Thursday, June 1, 2017




The road just sort of ambles on,
While not in touch with time,
With no heed to the travellers needs
Or for the urgent nature they entwine.
It mimics a slow winding stream,
That has been cut by nature’s hand,
It takes account of solitude
And complements the land.
It sways around old churches,
Past abandoned famine homes,
Touches one deserted village
Snakes through fields of barley corn.
© Fingleton (Aibreán,2017) (Löst Viking)


In retrospect, we just stood around
Searching for our dreams
Not knowing they had been lost
Between the twilight and the Moon
Forced into the shadows
By powers outside our hands
Unknowing to both of us
That our plans had been condemned
Taken fully out of context
Because our souls were marked by scars
By that dreadful myth of original sin
And the guilt lines that it carved
So roads have taken different paths
From the sea to country lanes
And somewhere in that passing
Nothing, was allowed to stay the same
© Fingleton (Márta 2017) (Löst Viking)


I wish the wind would blow me,
To the Isle of Innisfree,
Where Yeats spoke with the shadow folk,
And built a hive for honeybees.
The grass there has a fragrance;
The birds sing special tunes,
While its purple heather dances,
To the light of each Full Moon.
I’ve heard say, there is a peace there,
That nowhere else on Earth is found;
As if this was once where Eden stood,
And left a piece of ground.
If I could just rest there awhile,
To find my soul once more.
Then like Aengus, cut a hazel wand,
And wander from its shore.
© Fingleton (januar 2017) (Löst Viking)


(Ventry Co. Kerry)
The old men come in everyday,
The same chairs
The same position,
The same old order, without a word;
Black pints that need time to settle.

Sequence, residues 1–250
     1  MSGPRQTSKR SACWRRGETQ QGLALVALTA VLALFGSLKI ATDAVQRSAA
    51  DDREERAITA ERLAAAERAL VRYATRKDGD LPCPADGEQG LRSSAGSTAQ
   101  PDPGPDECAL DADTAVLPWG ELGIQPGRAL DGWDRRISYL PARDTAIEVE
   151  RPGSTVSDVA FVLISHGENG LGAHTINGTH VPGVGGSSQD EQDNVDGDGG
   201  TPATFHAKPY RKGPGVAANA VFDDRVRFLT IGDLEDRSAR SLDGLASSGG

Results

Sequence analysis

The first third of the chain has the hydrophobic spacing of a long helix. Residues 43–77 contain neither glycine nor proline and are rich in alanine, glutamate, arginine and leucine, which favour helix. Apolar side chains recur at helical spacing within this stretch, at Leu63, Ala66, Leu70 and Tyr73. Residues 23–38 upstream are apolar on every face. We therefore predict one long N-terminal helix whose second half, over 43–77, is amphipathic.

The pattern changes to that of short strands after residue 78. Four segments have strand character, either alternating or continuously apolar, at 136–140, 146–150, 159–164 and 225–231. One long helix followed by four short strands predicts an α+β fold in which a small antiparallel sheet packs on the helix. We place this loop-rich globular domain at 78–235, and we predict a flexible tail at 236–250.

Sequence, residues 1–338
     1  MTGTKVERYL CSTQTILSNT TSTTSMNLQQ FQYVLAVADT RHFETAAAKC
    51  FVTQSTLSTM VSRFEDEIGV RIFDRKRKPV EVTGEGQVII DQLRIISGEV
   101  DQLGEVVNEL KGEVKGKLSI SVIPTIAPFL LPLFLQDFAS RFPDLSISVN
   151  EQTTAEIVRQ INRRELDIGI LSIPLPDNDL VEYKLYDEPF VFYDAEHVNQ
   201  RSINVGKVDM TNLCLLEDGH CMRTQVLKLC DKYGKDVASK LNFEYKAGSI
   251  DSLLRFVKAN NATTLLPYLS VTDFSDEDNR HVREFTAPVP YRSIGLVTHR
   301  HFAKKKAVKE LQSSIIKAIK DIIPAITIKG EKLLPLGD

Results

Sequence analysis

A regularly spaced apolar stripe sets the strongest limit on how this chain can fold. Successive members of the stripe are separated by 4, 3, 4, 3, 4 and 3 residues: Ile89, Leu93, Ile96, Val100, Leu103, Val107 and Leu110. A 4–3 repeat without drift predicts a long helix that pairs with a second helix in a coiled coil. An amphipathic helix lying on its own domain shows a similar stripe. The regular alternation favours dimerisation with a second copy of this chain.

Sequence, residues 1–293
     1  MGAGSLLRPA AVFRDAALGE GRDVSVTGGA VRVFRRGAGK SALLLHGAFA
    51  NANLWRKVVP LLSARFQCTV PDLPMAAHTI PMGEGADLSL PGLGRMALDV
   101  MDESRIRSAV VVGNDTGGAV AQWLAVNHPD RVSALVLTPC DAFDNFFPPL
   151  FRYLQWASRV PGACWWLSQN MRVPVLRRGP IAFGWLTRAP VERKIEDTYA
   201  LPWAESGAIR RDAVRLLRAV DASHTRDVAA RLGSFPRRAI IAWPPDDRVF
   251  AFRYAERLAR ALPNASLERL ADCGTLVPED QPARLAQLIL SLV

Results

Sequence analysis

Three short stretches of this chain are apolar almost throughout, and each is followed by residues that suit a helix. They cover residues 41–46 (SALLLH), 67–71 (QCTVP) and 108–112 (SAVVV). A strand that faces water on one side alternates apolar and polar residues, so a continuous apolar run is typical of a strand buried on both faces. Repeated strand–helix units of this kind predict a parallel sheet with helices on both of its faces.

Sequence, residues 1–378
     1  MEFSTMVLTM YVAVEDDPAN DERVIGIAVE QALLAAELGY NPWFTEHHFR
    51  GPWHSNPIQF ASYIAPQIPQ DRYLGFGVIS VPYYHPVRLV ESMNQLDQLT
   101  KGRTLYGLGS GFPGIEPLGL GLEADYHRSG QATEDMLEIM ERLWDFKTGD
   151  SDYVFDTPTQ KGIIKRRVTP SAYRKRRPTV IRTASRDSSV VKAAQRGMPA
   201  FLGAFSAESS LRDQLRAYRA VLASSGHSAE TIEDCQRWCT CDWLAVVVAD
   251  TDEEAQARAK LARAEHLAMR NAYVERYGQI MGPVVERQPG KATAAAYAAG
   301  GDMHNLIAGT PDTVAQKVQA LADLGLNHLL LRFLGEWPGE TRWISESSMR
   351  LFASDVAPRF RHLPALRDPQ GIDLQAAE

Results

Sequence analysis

The weather first is put to rest,
Then the sport comes into play,
The football all wrong since Páidi’s gone,
And the hurlers –
Have had their day.
Their pains and aches
Get more each day,
Joeine o Se has left a vacant chair
I suppose in time they all will go;
There is one less every year.
Their language changes
To accommodate all those who pass;
Sometimes they speak, with the Gaelic spelling:
‘The days are short, and the nights are long,
sometimes I feel my soul is ebbing.’
(‘Is iad na laethanta gearra, agus an oíche ar fada,
uaireanta is dóigh liom go bhfuil m'anam ebbing.’)
Photo Tom ‘Kaiser’ Kavanagh Painted by Liam O'Neill.
© Fingleton (feabhra 2017) (Löst Viking)

Net curtains with a glass door,
And sometimes there’s a cat
Looking for to run into the street;
Dodging legs of children
As they make their way to school,
And early traffic for Asunción
Honking horns and blaring music
Smelling uncollected garbage
Black sacks of household interest
Undecided what to eat.
I sit while a policeman’s whistle
Is ringing in my ears,
Hot coffee, awaking my remaining senses
To this coming day,
His waving arms deciding who turns left or who goes right,
Unpersuaded by impatience,
Late for work excuses
Pregnant motorcycle passengers,
He has seen it all before,
For him and me, it’s just another day.
© Fingleton (Márta 2017) (Löst Viking)


Fortune has restored my dreams
And allowed me to wander,
To cold lands North,
And hot lands South,
To take East and West asunder.
Re-find the paths I thought were lost,
When destiny was cruel;
Or did it just delay my fate?
Knowing I was young, and still a fool.
This time my steps are slower,
My lack of caution overgrown,
My old eyes see things differently,
But still recognises home.
I lived beside the cactus plant,
The thorn bush, and the rose;
A wilderness like Eden,
Where true peace had no repose.
My days were filled with trivial things,
Sometimes my flesh was raked with scars,
Or intoxicated by deceit-
A lost soul, a falling star.
There were some that thought I was dead;
And others wished it true,
But the long walk,
Was waiting in the shadows,
And I started out anew.

© Fingleton (Aibreán 2017) (Löst Viking)


JOHN ANTHONY FINGLETON : He was born in Cork City, in the Republic of Ireland. But has spent most of his adult outside of Ireland…Is at present in Paraguay. He speaks English, Gaelic, French and Spanish, but mainly writes in English.  He has been writing for as long as he can remember. Poems published in journals and anthologies in, Ireland, UK, USA, India and France as well as three plays produced.  He uses the name Löst Viking for family historical reasons.

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